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Points Based Migration (PBS)- General Information

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Some aspects of the points-based system may change over time. Please check the UK Border Agency website for updated information. 

Home Office UK Border Agency:


Points-based system for immigration control


Overview of the New System


The UK has undergone significant changes to its immigration system. The UK Border Agency has introduced a new immigration system called the points-based system (PBS) for managing applications from people who wish to come to the UK to work, train or study. On 27 November 2008 the PBS replaced work permits, and in early 2009 it will replace student visas.


The UK Border Agency (UKBA) is a shadow agency of the Home Office, which was formed in April 2008 to improve the UK ’s security through stronger border protection whilst welcoming legitimate travellers and trade. The UKBA brings together the work previously carried out by the Border and Immigration Agency, Revenue and Customs and UK Visa Services.


Under the new system anyone wanting to come to or remain in the UK will need to show that they meet immigration requirements and that they have enough points to qualify. Points are earned in different ways, such as qualifications and earnings, and in the majority of cases migrants will need a sponsoring employer or educational establishment.


Sponsorship in the PBS is based on two fundamental principles: firstly, that those who benefit most directly from migration (that is, employers and educational establishments) should play their part in ensuring that the system is not abused; and secondly, UKBA needs to be sure that those applying to come to the UK to work or study are eligible to do so and that a reputable employer or educational establishment genuinely wishes to take them on.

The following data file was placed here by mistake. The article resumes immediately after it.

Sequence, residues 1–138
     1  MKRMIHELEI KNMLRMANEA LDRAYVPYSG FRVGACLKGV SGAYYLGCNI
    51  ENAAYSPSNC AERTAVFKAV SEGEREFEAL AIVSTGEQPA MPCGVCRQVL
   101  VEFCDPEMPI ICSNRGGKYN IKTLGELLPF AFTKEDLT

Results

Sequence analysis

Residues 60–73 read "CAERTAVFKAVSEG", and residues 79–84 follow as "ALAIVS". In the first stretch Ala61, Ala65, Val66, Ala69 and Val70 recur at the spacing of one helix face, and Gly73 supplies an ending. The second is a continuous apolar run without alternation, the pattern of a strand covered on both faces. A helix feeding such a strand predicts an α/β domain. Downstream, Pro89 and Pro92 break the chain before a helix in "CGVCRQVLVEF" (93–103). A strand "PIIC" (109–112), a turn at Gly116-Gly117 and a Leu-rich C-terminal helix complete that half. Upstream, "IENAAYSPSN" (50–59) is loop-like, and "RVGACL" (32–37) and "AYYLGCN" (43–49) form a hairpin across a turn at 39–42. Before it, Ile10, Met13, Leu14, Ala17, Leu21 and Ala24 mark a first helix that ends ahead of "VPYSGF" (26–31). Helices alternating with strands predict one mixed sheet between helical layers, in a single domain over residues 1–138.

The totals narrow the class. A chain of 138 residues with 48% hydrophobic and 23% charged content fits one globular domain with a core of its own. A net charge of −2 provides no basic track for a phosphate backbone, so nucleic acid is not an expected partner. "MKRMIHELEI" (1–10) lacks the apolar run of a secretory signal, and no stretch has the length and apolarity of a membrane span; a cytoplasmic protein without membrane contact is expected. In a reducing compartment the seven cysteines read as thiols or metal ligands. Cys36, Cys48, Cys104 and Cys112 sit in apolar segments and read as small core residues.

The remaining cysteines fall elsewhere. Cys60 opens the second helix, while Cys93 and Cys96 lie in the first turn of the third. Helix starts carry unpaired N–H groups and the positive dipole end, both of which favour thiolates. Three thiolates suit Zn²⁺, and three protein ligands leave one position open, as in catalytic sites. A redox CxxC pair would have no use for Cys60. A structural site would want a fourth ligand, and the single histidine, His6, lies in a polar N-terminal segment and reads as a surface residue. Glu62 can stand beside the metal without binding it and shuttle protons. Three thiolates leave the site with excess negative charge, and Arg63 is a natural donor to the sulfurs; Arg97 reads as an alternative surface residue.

This means that the University of Birmingham has had to become licensed by UKBA in order that we can sponsor migrant workers and students. As a licensed sponsor, the University can issue ‘certificates of sponsorship’ to employees and ‘confirmation of acceptance of studies’ to students.


The University of Birmingham has become a licensed sponsor for tier 2 (skilled workers) and tier 4 (students) and will soon be applying to be a licensed sponsor for tier 5 (sponsored researchers).


How the PBS works


Anyone wanting to come to or remain in the UK needs to show that he/she meets the requirements of the immigration rules – and in particular that he/ she has enough points to qualify. Points can be earned in different ways, e.g. for qualification and earnings. In the majority of cases the migrant will require a sponsor.


The requirement to have sponsor does not apply to nationals of the European Economic Area or to migrants in tier 1 (highly skilled /post-study workers) of the points-based system.


Sponsors are businesses or academic institutions in the UK that wish to employ the migrant or accepted him/her onto a course. In order to become a sponsor, the business or academic institution needs to become licensed by the UKBA. Once licensed, the sponsor indicates the migrants they wish to admit by issuing them with a certificate of sponsorship (for students this is called a confirmation of acceptance of studies). UKBA sets a limit to the number of certificates each sponsor may issue.


Everyone wanting to come to the UK under the new system will need prior ‘entry clearance’. All migrants (except those in tier 1) will need to be sponsored before they will qualify for ‘entry clearance’.


The Five Tiers of the Points-Based System



Applications open for sponsors   Applications opened for migrants
Tier 1: highly skilled workers No sponsor needed 29 February 2008
Tier 1: investors, entrepreneurs and post-study workers No sponsor needed 30 June 2008
Tier 2: skilled workers with a job offer to fill gaps in United Kingdom labour force 28 February 2008
Tier 3: limited numbers of low-skilled workers needed to fill temporary labour shortages This tier is currently suspended
Tier 4: students 28 July 2008 Spring 2009
Tier 5: temporary workers and youth mobility scheme: people allowed to work in the for a limited period of time to satisfy primarily non-economic objectives, including Sponsored Researchers 28 July 2008 27 November 2008
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